• K

Compromise: I’ll Stop Talking Politics When You Quit Your Leggings Cult

Photo Credit

Sometimes, there are events in life that prove to be a major catalyst for personal change. This past presidential election proved one for me. By early last summer, cursing out my television on a nightly basis was traded in for putting that proverbial pen to paper because, frankly, the only other choice was a straightjacket. The rewards were twofold: channeling my anxieties into a productive endeavor was intensely therapeutic, while my two-year-old became far less likely to drop an ill-timed f-bomb. (Kids say the darnedest things, don’t they?)

Having been met with modest success, I continued to write about politics. For a stay-at-home mom whose definition of success in recent years included showering and other hygiene-related basics, receiving praise for essays on domestic policy and electoral politics felt pretty damn great.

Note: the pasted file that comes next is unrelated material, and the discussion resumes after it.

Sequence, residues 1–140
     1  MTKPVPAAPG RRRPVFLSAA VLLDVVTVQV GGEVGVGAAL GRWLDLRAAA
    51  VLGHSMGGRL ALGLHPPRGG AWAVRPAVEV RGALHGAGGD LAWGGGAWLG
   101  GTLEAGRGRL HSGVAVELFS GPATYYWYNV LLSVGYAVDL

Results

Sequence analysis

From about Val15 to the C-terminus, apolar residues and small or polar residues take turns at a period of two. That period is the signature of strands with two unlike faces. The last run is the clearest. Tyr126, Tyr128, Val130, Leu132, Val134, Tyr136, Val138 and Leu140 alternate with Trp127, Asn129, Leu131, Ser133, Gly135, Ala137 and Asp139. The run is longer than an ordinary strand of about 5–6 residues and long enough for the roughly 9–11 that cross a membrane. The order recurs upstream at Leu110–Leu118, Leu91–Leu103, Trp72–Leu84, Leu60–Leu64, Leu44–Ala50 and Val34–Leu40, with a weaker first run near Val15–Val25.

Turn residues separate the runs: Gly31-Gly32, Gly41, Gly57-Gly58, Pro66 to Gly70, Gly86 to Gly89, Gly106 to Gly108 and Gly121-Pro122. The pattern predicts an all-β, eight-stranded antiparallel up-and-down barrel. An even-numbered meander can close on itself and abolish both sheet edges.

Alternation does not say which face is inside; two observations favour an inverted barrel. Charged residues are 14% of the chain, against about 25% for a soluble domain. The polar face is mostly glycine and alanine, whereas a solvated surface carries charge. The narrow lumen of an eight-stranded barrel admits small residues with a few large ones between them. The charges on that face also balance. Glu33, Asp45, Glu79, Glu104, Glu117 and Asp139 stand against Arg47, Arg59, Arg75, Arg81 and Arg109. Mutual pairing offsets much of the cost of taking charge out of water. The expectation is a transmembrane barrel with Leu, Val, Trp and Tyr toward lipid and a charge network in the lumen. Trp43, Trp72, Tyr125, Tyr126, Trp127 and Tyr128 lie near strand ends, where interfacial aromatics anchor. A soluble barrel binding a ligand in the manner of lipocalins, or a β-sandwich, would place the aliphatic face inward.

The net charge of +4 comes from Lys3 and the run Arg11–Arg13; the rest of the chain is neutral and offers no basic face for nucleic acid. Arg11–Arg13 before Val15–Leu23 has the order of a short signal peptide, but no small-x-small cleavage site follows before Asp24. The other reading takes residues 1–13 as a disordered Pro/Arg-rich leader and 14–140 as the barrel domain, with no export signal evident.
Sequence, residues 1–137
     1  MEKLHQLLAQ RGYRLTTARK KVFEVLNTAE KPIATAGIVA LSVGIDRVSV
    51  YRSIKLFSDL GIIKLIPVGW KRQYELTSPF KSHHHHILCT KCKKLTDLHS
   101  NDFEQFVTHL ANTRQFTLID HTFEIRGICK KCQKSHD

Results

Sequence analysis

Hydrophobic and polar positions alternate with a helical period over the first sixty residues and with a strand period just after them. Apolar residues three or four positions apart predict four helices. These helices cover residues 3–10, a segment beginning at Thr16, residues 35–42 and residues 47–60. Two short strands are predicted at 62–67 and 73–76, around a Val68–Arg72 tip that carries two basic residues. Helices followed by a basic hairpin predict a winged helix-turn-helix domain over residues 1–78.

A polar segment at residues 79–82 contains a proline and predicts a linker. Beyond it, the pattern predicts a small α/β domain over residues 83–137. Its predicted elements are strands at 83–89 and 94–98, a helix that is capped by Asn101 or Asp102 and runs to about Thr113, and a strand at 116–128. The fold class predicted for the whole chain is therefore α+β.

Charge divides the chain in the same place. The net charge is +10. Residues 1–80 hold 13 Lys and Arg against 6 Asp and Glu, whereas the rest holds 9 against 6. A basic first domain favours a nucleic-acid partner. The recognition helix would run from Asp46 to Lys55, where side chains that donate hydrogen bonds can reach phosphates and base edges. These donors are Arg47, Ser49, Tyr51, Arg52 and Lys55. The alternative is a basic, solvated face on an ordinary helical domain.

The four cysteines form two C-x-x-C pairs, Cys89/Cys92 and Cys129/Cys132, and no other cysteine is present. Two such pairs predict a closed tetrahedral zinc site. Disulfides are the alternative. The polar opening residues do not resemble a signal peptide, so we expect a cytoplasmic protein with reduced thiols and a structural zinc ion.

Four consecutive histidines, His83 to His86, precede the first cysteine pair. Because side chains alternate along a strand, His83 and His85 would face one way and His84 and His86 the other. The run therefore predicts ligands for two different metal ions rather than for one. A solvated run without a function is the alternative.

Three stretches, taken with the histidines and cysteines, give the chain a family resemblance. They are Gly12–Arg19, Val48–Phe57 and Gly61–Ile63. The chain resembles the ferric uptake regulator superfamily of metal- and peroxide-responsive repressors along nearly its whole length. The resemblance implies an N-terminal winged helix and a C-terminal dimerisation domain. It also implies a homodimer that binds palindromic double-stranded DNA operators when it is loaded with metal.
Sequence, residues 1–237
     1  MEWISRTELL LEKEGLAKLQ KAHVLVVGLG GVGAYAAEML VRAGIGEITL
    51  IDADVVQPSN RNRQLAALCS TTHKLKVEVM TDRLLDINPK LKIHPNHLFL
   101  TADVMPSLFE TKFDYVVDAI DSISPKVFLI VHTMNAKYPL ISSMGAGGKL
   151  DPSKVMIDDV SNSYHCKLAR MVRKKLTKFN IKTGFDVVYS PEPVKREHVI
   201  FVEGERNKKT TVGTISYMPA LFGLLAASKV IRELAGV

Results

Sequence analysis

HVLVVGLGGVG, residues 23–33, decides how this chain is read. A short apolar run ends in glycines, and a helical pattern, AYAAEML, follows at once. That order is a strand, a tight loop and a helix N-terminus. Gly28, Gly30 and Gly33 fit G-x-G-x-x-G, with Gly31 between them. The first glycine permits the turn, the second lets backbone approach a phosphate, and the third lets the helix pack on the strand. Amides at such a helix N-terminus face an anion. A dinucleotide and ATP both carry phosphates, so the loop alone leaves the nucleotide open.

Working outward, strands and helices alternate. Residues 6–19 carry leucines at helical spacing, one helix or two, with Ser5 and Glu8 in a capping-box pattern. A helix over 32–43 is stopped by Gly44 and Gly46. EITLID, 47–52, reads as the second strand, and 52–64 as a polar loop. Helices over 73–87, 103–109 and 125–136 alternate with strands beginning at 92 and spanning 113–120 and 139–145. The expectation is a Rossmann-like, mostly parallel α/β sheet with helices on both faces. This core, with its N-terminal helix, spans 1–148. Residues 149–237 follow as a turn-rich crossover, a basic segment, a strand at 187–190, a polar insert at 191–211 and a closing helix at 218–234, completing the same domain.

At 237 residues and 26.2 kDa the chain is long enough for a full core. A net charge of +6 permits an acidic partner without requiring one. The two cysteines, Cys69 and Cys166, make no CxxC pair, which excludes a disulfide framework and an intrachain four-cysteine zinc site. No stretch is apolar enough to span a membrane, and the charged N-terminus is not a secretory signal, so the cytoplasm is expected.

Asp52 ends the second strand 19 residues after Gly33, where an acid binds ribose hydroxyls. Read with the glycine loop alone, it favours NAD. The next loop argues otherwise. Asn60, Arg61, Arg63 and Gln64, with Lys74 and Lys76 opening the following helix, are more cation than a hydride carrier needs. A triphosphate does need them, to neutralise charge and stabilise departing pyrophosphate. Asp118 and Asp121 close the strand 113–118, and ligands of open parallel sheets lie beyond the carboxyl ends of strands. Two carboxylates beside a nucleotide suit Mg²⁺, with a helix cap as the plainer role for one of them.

I was like a new woman. Refreshed, ambitious, curious, exploding with energy. It was almost as if tiny humans hadn’t spent the better part of five years performing cruel sleep deprivation experiments on me. Guys, I was flying on top of the world!

That is, well, until the internet police came out in full force. They came dressed in oversized tee-shirts and garishly patterned leggings to inform me that I had been committing some major social media crimes.

Somewhere between marketing their home-based-business every fifteen minutes, these self-appointed officers found time to let me know that my politics were an unwelcome addition to their newsfeed.